Theme Thursday – Evolution of Revolution

Native Americans have taken an active role in every branch of the US military since the country formed. In fact, War Department officials have stated, that during WWII, if the entire population had enlisted at the same rate American Indians did, Selective Service would have been unnecessary. According to the Selective Service in 1942, at least 99 percent of all eligible Indians, healthy males aged 21 to 44, had registered for the draft. The annual enlistment for Native Americans jumped from 7,500 in the summer of 1942 to 22,000 at the beginning of 1945.

Native American contributions to war efforts during World World II were numerous but they are most famous of code talking. The name code talkers is strongly associated with bilingual Navajo speakers specially recruited during World War II by the Marines to serve in their standard communications units in the Pacific Theater. Code talking, however, was pioneered by Cherokee and Choctaw Indians during World War I.

Check out some of these titles, available in Ames, to learn more about these efforts and contributions.

Navajo code talkers, produced by Triage, Inc. for the History Channel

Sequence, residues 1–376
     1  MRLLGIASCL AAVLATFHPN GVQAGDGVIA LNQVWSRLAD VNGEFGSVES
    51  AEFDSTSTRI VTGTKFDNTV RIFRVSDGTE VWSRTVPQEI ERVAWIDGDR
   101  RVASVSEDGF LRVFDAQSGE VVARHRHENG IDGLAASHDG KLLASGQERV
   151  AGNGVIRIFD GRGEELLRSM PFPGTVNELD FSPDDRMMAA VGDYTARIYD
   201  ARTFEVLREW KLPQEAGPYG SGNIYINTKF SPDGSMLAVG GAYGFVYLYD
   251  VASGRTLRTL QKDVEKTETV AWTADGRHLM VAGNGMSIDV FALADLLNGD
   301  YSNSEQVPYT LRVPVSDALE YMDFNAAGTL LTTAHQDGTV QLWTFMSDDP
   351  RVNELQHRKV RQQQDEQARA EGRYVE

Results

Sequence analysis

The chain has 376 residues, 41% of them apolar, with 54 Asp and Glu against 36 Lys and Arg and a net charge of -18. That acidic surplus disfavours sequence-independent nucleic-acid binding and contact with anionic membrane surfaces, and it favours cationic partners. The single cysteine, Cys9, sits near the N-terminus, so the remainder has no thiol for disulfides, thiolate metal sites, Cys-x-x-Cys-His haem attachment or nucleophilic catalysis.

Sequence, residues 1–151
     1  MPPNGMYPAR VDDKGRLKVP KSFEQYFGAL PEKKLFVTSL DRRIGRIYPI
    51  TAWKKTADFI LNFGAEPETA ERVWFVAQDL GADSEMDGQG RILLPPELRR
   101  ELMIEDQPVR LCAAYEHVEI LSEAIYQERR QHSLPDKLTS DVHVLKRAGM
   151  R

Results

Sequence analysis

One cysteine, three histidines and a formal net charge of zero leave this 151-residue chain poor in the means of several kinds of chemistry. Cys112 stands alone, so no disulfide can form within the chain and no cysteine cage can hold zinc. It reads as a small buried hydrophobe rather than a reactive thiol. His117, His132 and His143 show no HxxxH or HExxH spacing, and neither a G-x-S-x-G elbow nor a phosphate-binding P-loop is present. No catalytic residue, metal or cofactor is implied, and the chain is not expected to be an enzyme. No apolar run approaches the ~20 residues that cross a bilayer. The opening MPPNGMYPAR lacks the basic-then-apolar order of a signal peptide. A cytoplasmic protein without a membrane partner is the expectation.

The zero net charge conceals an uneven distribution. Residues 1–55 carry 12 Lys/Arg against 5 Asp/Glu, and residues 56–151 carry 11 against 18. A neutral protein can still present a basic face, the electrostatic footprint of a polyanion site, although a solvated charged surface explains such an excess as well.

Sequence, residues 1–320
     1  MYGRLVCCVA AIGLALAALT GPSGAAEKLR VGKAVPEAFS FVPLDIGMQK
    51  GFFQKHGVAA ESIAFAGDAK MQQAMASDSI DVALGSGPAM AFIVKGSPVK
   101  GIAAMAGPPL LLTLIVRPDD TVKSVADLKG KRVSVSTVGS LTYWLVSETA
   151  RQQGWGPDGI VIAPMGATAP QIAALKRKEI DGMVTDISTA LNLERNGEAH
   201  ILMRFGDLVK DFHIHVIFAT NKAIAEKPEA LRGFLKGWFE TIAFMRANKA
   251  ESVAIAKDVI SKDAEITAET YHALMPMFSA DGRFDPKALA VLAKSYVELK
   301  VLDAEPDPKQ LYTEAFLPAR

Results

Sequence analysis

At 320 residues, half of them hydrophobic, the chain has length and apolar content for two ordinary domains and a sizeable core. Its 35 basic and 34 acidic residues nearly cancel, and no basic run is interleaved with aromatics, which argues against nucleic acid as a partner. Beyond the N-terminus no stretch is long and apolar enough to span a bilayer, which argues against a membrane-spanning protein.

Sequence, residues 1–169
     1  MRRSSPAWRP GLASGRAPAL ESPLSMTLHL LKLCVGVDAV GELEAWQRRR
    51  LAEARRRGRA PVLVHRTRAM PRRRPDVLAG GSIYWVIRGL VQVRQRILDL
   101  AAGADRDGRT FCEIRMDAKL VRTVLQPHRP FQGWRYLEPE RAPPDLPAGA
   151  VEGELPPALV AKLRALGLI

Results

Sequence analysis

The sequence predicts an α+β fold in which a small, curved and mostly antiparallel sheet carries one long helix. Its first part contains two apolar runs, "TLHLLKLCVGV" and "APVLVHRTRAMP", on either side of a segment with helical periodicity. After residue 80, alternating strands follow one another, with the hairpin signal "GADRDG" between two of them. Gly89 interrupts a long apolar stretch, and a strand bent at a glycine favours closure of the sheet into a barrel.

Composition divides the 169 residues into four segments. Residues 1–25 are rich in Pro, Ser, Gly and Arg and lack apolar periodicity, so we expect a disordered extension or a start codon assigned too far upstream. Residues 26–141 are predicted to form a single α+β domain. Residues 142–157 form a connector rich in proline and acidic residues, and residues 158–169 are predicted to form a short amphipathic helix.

Defending whose country?: Indigenous soldiers in the Pacific war, by Noah Riseman


This video, available through Alexander Street Press, reveals how strongly Navajo cultural identity and spiritual references correlated with traditional Marine Corps values and a passionate patriotism. The famous Navajo Code Talkers, memorialized by Hollywood in the feature film “Windtalkers,” were an integral part of the armed forces during World War II. Navajo veterans who fought in the Pacific in World War II, used their unwritten Native American tongue as an unbreakable code language, essential in the American military intelligence machine. Richard West, President, Museum of the American Indian, says, “Ironically, the U.S. military used the Native American language as a potent instrument of war although the government had prohibited [native] people from speaking their own language for almost a century.”Successive generations of young Navajo men who fought in the elite division of the U.S. Marine Corps, relate their stories in this film. Vincent and his brother enlisted in the 1970s; his brother died in Vietnam. Benjamin, Calbert and Michael are currently training as Marines in San Diego.

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